This study used grey literature to identify and categorise novel mobility solutions, which have been applied in European rural areas and are suitable for travelling longer distances. By using six service flexibility variables, the authors reached four categories of novel mobility solutions: semi-flexible demand-responsive transport, flexible door-to-door demand-responsive transport, car-sharing, and ride-sharing.
The research analysed the social inclusivity, economic viability, and environmental impacts of those categories based on criteria and evidence identified from scholarly literature by including the perspectives of both permanent and temporary residents of rural areas.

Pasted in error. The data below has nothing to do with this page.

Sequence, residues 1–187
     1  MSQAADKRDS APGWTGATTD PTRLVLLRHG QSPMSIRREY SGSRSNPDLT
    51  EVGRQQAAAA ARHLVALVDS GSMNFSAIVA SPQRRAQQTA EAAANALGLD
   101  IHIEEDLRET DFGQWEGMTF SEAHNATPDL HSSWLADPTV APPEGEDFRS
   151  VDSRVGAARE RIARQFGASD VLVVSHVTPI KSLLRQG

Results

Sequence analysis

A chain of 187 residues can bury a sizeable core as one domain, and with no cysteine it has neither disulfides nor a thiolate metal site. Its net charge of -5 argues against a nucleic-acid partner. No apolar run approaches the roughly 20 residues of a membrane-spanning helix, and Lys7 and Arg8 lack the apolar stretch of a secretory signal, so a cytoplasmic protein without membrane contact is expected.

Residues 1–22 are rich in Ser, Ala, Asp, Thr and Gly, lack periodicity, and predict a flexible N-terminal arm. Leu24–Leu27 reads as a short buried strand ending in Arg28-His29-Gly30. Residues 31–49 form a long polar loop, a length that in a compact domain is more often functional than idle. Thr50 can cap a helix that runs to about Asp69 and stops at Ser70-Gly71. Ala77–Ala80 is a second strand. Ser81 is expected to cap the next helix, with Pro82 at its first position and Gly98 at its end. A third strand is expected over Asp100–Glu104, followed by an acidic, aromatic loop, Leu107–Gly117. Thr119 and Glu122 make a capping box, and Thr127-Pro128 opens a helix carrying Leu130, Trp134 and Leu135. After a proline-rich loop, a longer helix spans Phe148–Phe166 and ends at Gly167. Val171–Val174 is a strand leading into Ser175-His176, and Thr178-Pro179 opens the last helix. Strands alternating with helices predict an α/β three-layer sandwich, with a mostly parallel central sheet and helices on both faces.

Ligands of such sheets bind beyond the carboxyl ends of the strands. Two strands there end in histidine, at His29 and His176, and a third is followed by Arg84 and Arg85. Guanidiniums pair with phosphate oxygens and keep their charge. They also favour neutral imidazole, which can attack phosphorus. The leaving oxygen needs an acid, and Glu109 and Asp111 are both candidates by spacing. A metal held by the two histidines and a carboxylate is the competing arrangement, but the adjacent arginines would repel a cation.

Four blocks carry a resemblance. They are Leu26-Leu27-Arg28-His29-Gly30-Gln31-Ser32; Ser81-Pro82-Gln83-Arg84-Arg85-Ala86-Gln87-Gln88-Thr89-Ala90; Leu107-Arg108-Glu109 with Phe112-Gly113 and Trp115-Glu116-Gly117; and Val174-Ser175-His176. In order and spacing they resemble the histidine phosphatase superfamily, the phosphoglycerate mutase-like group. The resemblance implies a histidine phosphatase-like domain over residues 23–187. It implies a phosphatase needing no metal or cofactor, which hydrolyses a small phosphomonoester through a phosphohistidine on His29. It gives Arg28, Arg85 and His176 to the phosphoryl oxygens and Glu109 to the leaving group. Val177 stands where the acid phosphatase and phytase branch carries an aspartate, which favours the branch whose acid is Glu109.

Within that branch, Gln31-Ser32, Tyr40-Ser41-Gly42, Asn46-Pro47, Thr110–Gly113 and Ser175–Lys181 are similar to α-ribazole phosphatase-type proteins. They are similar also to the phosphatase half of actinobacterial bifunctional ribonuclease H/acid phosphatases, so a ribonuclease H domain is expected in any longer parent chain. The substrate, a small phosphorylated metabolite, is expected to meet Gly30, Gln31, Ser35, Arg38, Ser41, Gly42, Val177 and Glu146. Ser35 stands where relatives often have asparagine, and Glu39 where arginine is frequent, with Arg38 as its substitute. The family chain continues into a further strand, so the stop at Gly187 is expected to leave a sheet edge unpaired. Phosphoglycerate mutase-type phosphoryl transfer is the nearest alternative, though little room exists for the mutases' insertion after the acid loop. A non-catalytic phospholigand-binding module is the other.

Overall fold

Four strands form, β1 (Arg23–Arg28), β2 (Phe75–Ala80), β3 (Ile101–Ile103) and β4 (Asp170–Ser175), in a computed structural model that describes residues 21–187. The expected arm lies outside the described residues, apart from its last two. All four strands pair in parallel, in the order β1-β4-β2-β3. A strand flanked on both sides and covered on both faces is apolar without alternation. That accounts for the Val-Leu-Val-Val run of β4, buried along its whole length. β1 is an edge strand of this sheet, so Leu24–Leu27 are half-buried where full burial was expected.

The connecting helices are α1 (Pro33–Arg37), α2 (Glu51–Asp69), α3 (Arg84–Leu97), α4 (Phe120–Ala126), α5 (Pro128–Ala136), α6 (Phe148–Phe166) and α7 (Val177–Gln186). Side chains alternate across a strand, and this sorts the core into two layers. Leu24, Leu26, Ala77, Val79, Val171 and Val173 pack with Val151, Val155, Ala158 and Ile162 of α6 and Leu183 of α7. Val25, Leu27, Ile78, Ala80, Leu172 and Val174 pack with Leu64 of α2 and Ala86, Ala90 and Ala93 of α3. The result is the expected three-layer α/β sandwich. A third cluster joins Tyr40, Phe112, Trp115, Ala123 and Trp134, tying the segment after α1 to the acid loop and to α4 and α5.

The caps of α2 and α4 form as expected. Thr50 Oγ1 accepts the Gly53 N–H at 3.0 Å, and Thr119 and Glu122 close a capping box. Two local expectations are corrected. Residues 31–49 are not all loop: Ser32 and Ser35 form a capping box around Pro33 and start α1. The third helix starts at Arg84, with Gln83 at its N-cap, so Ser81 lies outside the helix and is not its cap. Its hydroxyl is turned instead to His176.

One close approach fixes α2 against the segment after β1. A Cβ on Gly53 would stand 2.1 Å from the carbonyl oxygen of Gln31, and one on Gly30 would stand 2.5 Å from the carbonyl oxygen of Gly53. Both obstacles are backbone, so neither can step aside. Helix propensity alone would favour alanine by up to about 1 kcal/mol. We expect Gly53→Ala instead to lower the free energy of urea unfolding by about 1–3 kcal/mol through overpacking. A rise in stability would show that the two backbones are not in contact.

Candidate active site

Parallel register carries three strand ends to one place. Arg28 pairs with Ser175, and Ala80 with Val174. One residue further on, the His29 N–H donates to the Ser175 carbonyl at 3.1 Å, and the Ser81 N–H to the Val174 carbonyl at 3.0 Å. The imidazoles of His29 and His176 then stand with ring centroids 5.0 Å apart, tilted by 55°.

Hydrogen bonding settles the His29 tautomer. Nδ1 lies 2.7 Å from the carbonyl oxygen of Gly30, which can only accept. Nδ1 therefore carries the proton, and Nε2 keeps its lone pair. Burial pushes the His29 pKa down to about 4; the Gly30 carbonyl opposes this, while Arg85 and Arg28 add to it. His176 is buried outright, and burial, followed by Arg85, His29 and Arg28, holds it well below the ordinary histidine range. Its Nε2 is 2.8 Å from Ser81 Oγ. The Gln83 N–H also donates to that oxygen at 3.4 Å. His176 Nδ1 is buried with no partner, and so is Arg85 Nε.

The authors of the study concluded that integration of the needs of various user groups is essential when aiming to achieve the provision of environmentally, socially, and economically sustainable mobility solutions in rural areas. Their findings revealed that while single novel mobility solutions are seldom applicable for all rural travellers, strong spatial and temporal synergies exist when combining different solutions.
The need for a connected and flexible set of mobility solutions sensitive to the temporal and spatial patterns of mobility needs is inevitable. Accessible and easily understandable information on routing, booking, and ticketing systems, as well as cooperation, shared values, and trust between various parties, are key success factors for sustainable rural mobility.